Attracting new clients is a top priority for any therapist with a private practice. Although the digital age has given rise to many unique and effective ways for therapists to reach potential clients, referrals from current or former clients and other counselors continue to play a significant role in the growth of a therapist’s practice.
Not sure how to get more referrals? These tips can help:
Network both online and off-line
Networking may allow you to develop relationships with peers who could potentially refer new clients to you in the future. Some forms of networking may also help you reach new potential clients directly.
To take full advantage of networking opportunities, network in the real world and online. For example, a quick search could help you find in-person therapist networking groups in your area. Participate in these, but don’t limit yourself merely to in-person networking. It’s also wise to join and actively participate in networking groups on social media.
Make a point of staying in contact with the people you meet via networking groups. If you only meet someone once, it will be difficult to make a strong enough impression on them to earn a referral. You will both benefit more if you stay in touch.
Additionally, you don’t merely need to network with other therapists. Doing so could limit your chances of consistently getting referrals.
It’s also wise to network with doctors, nurse practitioners, and other medical professionals whose patients may be looking for counselors.
Consider your areas of expertise when determining who to network with as well. For example, if you tend to work with clients who are struggling with grief, you might naturally choose to network with funeral directors. Or, if you often work with children, you can network with schools to get more referrals.
Join a provider panel
Deciding whether to accept insurance or not is one of several important choices the therapist in private practice has to make. If you have chosen to accept insurance, look into joining an insurer’s provider panel.
Share your expertise
Potential clients want to know that you are a qualified professional who has the experience and training necessary to help them with their struggles. Those who may refer you to potential clients also want to know that when doing so, they are referring someone to a counselor who may genuinely be able to serve their needs.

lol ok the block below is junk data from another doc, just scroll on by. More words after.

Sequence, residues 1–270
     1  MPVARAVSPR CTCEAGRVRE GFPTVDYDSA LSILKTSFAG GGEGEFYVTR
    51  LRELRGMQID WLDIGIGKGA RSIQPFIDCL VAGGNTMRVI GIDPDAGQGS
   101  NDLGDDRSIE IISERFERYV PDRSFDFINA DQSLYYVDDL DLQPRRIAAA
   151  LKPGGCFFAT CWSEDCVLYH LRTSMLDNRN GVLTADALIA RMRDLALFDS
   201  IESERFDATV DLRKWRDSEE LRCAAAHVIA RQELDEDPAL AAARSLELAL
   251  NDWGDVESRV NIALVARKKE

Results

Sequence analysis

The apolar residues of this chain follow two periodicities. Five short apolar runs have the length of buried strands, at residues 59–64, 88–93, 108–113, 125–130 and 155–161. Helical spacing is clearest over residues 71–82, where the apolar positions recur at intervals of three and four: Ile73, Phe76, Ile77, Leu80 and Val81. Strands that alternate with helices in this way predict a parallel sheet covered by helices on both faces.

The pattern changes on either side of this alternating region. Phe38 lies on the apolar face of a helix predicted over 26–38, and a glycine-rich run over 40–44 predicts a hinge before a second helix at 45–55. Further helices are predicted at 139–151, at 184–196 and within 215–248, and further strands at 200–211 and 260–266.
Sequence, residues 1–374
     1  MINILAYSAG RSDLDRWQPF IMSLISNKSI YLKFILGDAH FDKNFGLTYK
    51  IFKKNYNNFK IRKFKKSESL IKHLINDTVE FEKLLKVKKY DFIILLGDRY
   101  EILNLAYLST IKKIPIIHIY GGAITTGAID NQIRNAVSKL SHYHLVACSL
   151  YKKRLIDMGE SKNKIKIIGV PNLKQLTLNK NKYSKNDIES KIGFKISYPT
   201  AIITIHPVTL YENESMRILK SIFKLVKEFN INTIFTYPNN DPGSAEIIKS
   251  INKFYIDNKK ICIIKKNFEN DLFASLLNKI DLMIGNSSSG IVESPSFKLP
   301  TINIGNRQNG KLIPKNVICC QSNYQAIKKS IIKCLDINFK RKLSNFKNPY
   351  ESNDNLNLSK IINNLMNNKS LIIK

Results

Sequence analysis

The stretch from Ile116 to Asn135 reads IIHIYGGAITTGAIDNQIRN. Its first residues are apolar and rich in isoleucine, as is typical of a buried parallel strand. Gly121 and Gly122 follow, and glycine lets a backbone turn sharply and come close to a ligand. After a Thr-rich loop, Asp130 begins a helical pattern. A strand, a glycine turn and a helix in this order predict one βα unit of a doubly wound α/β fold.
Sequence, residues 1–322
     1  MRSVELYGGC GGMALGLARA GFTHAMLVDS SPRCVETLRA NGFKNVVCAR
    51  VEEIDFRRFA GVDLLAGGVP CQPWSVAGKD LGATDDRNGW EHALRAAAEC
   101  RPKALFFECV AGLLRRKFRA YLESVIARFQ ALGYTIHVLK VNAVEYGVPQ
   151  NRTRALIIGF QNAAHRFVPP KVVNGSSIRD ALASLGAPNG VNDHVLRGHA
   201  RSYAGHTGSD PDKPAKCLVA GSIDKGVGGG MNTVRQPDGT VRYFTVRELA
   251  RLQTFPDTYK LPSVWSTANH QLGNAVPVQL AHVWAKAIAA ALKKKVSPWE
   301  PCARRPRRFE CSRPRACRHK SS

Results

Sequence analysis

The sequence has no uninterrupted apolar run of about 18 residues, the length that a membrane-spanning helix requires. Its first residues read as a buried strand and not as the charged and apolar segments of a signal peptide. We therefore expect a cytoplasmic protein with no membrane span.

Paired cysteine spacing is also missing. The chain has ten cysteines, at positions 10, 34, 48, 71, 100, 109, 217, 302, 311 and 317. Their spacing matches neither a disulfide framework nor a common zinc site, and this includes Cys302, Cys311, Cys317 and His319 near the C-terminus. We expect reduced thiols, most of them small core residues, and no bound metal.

Thus, you can gain referrals and establish your credibility as a therapist by identifying various ways to share your expertise. Examples include (but are not necessarily limited to):
- Giving lectures on relevant subjects at local libraries, colleges, etc.
- Contributing articles to publications
- Blogging and vlogging
- Hosting your own podcast and/or appearing on others’ podcasts
Show your appreciation
This tip can be very powerful after a colleague or client has already referred someone to you. Upon getting a referral, reach out to the person who referred you to a new client to let them know how grateful you are. This will give them reason to refer clients to you again in the future.
Pay it back
This piece of advice is similar to the one above. When a peer or colleague refers a new client to you, consider referring new clients to them as well.
Of course, you should not refer a new client to them if they are not genuinely equipped to serve that client. You should, however, keep them in mind when opportunities to refer new clients arise. Paying someone back for a referral in this capacity will help you strengthen your relationship with them.
Don’t overlook the obvious. While all of the above tips can certainly help you get more referrals, simply asking your clients and colleagues for referrals is still a valid tactic.
However, this strategy is more likely to yield results if you ask in the right way. For example, at the end of your final session with a client, you might provide them with business cards, brochures, and other materials they can potentially distribute to friends and family who might benefit from working with you. Let the client know what these materials are for and make it clear you only expect them to distribute these materials if they had a positive experience with you and they feel comfortable doing so.
All that said, remember that generating referrals takes time. You can’t necessarily expect these tips to trigger a wave of referrals if you only apply them once. However, if you’re willing to be patient, over time, you will learn that consistently following the suggestions here can help you grow your therapy practice through referrals.